Make sure your dumplings aren’t touching, but put as many in the pot as you can. I like to make a game of it…. like it’s a puzzle to see how many I can fit on the surface without them touching.

Okay, maybe they can be a little closer together.

(If they touch a little, the world will not end.)

Now, you’re going to do something that’s a little on the tricky side.

(I’m good at tricky…. like a ninja.)

Using the tip of your spoon, scoop some of the hot broth on the top of each dumpling. This is going to help it cook, and will also help the dumplings not to stick.

Once you’re done with that, let them sit and cook for 4 minutes.

See how they’re just covered? Nicey.

After 4 minutes, flip each dumpling over; when they’re all flippin’ flipped, cover your pot, and reduce your heat to med-low. Cook, covered, for 10 more minutes.

Now. Pop that top off.

Behold the beauty. The bounty. The DELISH in this pot.

Go ahead and gently stir the pot. The chicken may be a little stuck to the bottom of the pan, so loosen it up.

Something my Asian Wifey taught me? It’s totally okay if a couple of the dumplings break up at this point. It’s going to thicken the sauce over time, and we’re not perfectionists around here. They’re still gonna taste AWESOME.

That’s it! You must know how much I love you…. I love you enough to give you my prized Chicks and Dumps recipe. And that is monumental.

Full recipe below:

Chicken and Dumplings

1 5lb rotisserie chicken
1/2 white onion
2 large cloves garlic
3 tbsp butter
2 tbsp olive oil
1 1/2 quarts chicken broth
1 tsp bay leaves
1/4 tsp pepper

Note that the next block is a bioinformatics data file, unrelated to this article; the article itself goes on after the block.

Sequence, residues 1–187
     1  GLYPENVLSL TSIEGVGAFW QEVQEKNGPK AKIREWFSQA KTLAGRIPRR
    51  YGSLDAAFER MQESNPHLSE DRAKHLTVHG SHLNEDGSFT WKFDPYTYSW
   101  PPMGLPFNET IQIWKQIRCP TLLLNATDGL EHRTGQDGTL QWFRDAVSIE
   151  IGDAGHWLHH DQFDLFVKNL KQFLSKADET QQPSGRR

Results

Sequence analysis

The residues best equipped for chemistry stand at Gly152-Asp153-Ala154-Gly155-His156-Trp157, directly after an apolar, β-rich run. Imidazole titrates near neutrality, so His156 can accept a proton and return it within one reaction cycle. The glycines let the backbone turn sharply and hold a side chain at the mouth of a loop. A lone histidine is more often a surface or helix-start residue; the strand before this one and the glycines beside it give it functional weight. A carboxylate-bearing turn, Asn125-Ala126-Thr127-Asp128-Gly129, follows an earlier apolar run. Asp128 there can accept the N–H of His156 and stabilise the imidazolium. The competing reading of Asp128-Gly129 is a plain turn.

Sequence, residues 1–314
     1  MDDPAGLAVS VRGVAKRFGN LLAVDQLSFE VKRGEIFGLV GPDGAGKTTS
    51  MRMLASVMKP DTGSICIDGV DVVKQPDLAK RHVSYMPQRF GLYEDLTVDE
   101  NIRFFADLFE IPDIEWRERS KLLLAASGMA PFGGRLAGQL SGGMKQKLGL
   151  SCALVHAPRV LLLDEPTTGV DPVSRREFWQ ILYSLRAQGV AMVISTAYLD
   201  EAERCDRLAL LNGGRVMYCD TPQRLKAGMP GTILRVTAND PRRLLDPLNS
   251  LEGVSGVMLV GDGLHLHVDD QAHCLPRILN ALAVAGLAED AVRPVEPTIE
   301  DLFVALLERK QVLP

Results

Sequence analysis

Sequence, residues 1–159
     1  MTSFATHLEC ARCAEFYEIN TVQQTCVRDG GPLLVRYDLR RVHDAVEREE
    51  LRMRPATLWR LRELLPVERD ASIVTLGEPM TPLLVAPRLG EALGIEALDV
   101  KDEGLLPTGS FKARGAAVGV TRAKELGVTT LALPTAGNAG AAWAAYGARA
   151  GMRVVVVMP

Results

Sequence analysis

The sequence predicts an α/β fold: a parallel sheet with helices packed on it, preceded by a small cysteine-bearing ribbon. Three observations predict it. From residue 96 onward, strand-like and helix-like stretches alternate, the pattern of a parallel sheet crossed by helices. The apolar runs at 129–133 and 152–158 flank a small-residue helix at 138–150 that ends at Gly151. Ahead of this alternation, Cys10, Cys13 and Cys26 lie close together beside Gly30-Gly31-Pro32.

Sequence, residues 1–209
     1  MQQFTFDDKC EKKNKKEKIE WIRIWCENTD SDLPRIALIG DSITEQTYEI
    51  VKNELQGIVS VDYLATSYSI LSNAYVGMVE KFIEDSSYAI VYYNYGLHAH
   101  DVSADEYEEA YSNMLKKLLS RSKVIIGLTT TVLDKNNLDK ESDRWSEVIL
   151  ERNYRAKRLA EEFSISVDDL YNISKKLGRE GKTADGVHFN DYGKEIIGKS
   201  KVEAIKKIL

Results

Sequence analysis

1 tsp salt
1/3 cup half and half
2 heaping tbsp corn starch
2 1/4 cup Bisquick
2/3 cup milk
5 shakes Tabasco sauce

1. Pull the meat off of the rotisserie chicken. Discard carcass, or cover and refrigerate for stock.

2. Dice the onion and mince the garlic. Melt butter, and add olive oil over med-high heat.  Add the onion, and cook for 3 minutes. Add the garlic, and cook for 30 seconds.

3. Add broth and bay leaves, pepper, and salt to the pot. Bring to a boil.  Measure out about 1/3 cup of your broth and pour it in a coffee cup. Then, scoop 2 heaping tablespoons of corn starch into the cup with the broth, and stir it up until it’s smooth. Pour it back in the pot, and stir. Cover the pot and simmer for 10 minutes, or until you finish the dumplings.

4. To make the dumplings, combine 2 1/4 cups Bisquick with approximately 2/3 cup milk. Add milk slowly to ensure you’re not adding too much. Turn the dough onto a Bisquick’ed surface, and knead 5-10 times until smooth. Roll into 1/4 inch thickness, and pepper the dough. Cut into small squares.

5. Before  adding the dumplings to the pot, add 1/3 cup half and half, and the chicken pieces, and 5 shakes of Tabasco. Stir, and bring to a soft boil. Add dumplings, one by one, to the pot, making sure they don’t overlap. Spoon the broth over each dumpling, and cook uncovered for 4 minutes.

6. Flip the dumplings. Cover, reduce heat to med-low, and simmer for 10 minutes.  Once done, stir the dumplings into the chicken and broth, making sure to loosen any chicken from the bottom of the pot. Serve warm.

Homemade Chicken Broth

1 chicken carcass
2 onions, cut in half
4 cloves garlic, mashed
3 carrots, cut in half
2 ribs celery, diced
6 peppercorns
1 tsp salt
1 tsp bay leaves
Enough water to cover the carcass
Cut vegetables, and smash the garlic. Place the carcass in a dutch oven, and dump the veggies in with the carcass. Fill the pot with water until it’s just over the chicken carcass.

Bring to a boil. Reduce heat to low, and cover. Simmer for three hours.

Pour the contents of the pot through a fine mesh sieve. Let cool to room temperature, and store in airtight containers in fridge for a week, or freeze.

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7 thoughts on “Chicken and Dumplings: Too good not to share.

  1. This. Looks. So. Delicious. Man, why didn’t we stick around that apartment complex instead of moving to Nashville? Looks like we’re missing out on some awesome sounding noms. Thanks for giving me a recipe for this. Every time I’ve had homemade dumplings they’ve always come out either noodley or mushy. This sounds great!